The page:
Category: Blog

June/ July Update

June has been a busy month which incorporated a short break on Bute exploring some of the archaeological and historical sites on the island. over the next few weeks you may spot a few posts about places visited and connections to Paisley and Renfrewshire.

On the 24th June we are leading a heritage walk “Linen Walk by Design Paisley” – part of the The Scottish Refugee Festival and joins a creative cluster of events from Journeys in Design in collaboration with Sewing2gether All Nations. (Date: Fri, Jun 24 • 14:30 BST meeting at Paisley Central Library, Mill Street and finishing at Sma’ Shot Cottages at 4pm with the chance of a cuppa and look around the weavers cottage & looms.) see https://www.eventbrite.co.uk/e/linen-walk-by-design-paisley-tickets-358566099857 to book this free walk. For the other Paisley events see https://www.eventbrite.co.uk/o/journeys-in-design-6652164461 Events include: One Millie All Nations Exhibition at Central Library & Creative Journeys for New Scots | Twilight Talk,

Fri, Jun 24 • 14:30 BST

Sma’ Shot Day – 2nd July – We will have our first stall on Abbey Close as part of the Sma’ Shot festival. We will have a selection of our merchandise for sale including local history books, maps, pictures, Paisley Notebooks, Mugs and Keyrings. Try your hand at a classic fete game and learn more about our summer programme of walks and talks.

In mid July we have our Renfrewshire Archaeology course scheduled to start in The Art Department on Causeyside Street where we will look at some of the early settlements of the area, through to the medieval era. See https://www.theurbanhistorian.co.uk/product/renfrewshire-archaeology-an-introduction/ for more details and booking.

The end of June and July is looking like a busy time. Why not take some time for yourself and see the history around you!

There was a jovial beggar

I’ve just been reading the THE DIARY AND GENERAL EXPENDITURE BOOK OF WILLIAM CUNNINGHAM OF CRAIGENDS, Commissioner to the Convention of Estates and Member of Parliament for Renfrewshire which was kept between 1673 and 1680. The time period falls directly into the Covenanting time period, which was also subjected to harsh harvests leading to impoverished times. The diary and account book of Wiliam Cunningham frequently indicates donations to the poor and beggars of the area amongst other things.

The following song is attributed to Richard Brome appears in a black-letter copy of the Bagford Collection, where it is entitled The Beggars’ Chorus in the ‘Jovial Crew, published in ANCIENT POEMS BALLADS AND SONGS OF THE PEASANTRY OF ENGLAND edited by ROBERT BELL in 1857. It really describes the life of a beggar in the late 17th Century.

 There was a jovial beggar,
      He had a wooden leg,
   Lame from his cradle,
      And forced for to beg.
And a begging we will go, we’ll go, we’ll go;
And a begging we will go!

   A bag for his oatmeal,
      Another for his salt;
   And a pair of crutches,
      To show that he can halt.
            And a begging, &c.

   A bag for his wheat,
      Another for his rye;
   A little bottle by his side,
      To drink when he’s a-dry.
            And a begging, &c.

   Seven years I begged
      For my old Master Wild,
   He taught me to beg
      When I was but a child.
            And a begging, &c.

   I begged for my master,
      And got him store of pelf;
   But now, Jove be praised!
      I’m begging for myself.
            And a begging, &c.

   In a hollow tree
      I live, and pay no rent;
   Providence provides for me,
      And I am well content.
            And a begging, &c.

   Of all the occupations,
      A beggar’s life’s the best;
   For whene’er he’s weary,
      He’ll lay him down and rest.
            And a begging, &c.

   I fear no plots against me,
      I live in open cell;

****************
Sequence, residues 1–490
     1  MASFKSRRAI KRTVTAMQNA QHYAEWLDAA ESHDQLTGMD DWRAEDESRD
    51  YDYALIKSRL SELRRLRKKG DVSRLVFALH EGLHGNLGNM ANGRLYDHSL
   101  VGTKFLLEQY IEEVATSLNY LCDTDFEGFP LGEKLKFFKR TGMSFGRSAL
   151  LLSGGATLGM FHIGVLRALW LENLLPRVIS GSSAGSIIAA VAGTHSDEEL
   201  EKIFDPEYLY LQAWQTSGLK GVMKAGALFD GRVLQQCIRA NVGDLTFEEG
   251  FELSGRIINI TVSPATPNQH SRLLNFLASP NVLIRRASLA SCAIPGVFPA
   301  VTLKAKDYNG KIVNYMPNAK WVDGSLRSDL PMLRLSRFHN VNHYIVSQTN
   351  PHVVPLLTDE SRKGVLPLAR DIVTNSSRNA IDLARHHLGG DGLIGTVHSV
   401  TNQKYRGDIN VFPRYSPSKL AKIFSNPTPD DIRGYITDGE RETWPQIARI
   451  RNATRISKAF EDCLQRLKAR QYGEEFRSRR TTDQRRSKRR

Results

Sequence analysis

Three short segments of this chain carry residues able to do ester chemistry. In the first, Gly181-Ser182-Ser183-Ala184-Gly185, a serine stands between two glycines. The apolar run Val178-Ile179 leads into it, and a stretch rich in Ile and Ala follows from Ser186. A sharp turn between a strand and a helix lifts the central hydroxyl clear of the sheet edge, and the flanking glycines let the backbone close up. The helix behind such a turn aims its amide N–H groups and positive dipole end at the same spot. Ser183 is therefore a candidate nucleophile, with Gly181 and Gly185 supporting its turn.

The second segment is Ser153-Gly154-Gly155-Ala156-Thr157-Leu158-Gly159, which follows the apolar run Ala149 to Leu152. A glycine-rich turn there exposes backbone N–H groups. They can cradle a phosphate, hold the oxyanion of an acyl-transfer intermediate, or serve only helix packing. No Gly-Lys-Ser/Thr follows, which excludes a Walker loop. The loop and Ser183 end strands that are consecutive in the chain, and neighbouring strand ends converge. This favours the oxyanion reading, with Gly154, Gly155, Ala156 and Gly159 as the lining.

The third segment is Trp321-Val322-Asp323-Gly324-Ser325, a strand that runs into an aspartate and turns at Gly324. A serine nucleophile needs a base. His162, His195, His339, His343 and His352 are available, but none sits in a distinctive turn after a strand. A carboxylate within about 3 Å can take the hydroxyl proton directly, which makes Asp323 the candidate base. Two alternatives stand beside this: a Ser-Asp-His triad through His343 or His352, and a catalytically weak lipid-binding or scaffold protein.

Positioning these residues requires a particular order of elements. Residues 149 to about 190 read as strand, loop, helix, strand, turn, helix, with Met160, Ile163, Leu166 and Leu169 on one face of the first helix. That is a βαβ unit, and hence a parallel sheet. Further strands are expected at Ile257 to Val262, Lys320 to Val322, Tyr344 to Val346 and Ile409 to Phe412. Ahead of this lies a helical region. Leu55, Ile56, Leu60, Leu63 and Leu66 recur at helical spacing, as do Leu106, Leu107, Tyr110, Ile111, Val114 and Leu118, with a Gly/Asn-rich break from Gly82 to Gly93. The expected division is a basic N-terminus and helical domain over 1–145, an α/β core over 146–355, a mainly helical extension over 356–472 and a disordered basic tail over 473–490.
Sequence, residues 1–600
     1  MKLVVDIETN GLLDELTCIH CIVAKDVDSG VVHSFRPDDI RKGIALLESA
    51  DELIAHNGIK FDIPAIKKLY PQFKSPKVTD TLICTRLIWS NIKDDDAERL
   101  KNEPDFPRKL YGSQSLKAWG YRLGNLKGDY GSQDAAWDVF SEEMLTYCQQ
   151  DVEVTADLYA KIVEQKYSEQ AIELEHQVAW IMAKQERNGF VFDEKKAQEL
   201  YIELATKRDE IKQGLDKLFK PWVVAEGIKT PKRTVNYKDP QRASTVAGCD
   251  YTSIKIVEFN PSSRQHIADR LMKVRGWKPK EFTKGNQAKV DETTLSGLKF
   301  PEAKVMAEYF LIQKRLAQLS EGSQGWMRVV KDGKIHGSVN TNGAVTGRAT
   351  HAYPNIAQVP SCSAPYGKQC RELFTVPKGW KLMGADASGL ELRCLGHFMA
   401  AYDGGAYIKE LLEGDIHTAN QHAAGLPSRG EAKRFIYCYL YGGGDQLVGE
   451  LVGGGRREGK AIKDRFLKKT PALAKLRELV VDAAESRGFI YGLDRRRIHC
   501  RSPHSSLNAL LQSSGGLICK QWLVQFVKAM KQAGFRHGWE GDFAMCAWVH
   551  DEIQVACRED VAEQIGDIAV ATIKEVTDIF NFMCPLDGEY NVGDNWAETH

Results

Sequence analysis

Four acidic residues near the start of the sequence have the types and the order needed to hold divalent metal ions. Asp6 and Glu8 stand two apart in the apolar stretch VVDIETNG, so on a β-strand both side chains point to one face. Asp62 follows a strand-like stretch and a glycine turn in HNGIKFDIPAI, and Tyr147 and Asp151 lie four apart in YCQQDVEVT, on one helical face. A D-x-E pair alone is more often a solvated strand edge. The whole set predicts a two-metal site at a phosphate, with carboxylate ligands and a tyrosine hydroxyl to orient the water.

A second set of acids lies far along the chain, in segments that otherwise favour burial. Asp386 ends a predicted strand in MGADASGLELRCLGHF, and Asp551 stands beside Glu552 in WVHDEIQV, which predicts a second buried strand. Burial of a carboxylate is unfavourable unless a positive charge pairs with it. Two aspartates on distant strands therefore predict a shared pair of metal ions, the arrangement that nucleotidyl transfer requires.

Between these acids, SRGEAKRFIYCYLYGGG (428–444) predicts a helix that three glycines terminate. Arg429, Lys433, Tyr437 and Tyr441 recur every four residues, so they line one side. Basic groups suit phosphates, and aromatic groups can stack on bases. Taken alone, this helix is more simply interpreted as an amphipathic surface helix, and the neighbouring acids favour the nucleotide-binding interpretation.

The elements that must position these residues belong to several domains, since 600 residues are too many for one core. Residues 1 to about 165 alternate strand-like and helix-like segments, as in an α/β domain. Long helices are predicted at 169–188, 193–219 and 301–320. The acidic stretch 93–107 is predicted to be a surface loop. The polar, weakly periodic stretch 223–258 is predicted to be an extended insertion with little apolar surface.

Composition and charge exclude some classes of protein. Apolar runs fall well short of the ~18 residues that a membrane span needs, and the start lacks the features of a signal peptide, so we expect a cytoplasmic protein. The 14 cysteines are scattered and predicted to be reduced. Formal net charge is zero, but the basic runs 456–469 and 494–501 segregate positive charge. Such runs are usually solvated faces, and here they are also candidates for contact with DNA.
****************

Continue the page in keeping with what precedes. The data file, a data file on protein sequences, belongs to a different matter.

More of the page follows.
Then who would be a king
      When beggars live so well?
And a begging we will go, we’ll go, we’ll go;
And a begging we will go!

Paisley to Sarasota, Florida: The Browning’s – Part 1

It’s late November 1885, around one 100 Scots are gathering at the docks in Glasgow to board Anchor Lines SS Furnessia with the intention of forming a new Scots Colony in Sarasota, Florida.  Amongst the 100 are two Paisley families the Lawrie’s and the Browning’s who have sold their possessions at auction and are heading to Sarasota to begin a new life.

The Lawrie’s and Browning’s were related. Ellen Lawrie, wife of John Lawrie, was the sister of John Browning and both descended from an old Paisley family. The first recorded Browning in Paisley is Gavin, who operated a drug store at No 1 the High Street, part of the tollbooth on the corner of Moss Street.  In the 1783 trade directory he is recorded as a ‘Druggust’ an occupation repeated on a headstone in the graveyard at Oakshaw Trinity Church which states Lair 199 “The Property of Gavin Browning Druggist 1800”. Gavin’s oldest son, another Gavin went on to study at Glasgow University and became a surgeon in Paisley.

If we move on to 1885, the Browning’s had become timber merchants and Cartwrights in the Paisley with successful businesses established in Orchard Street.  Alexander, John and Ellen’s father had run the businesses for many years, but Paisley Burgh Council were planning to redevelop Gordon’s Loan, the area we know today as Gordon Street with the old fire station dividing the road.  The Browning’s who were operating their timber mill, and a cartwright building business from two connected properties on Orchard Street had to decide what to do?

According to John Browning’s memoirs there had been some talk within the family of moving to South Africa to take advantage of the gold diamond mining happening there, but at the same time a leaflet about a proposed Scots Colony in Florida came into the possession of the Lawrie family.  Named the Ormiston Colony of Scotland after the estate of Sir John Gillespie near Edinburgh, for the sum of £100 a family could purchase a town residence and 40 acres of land outwith the town.  With the purchase of the properties in orchard Street, and the Lawrie business in the Sneddon had recently been destroyed by fire, this new venture in Sarasota was very appealing to both families.

John’s father sold the land on Orchard Street, while his eldest son, Alexander set up a new Cartwright and Timber merchants shop elsewhere in town, and John Browning and Ellen Lawrie’s families moved to Florida arriving on the 10 Dec 1885.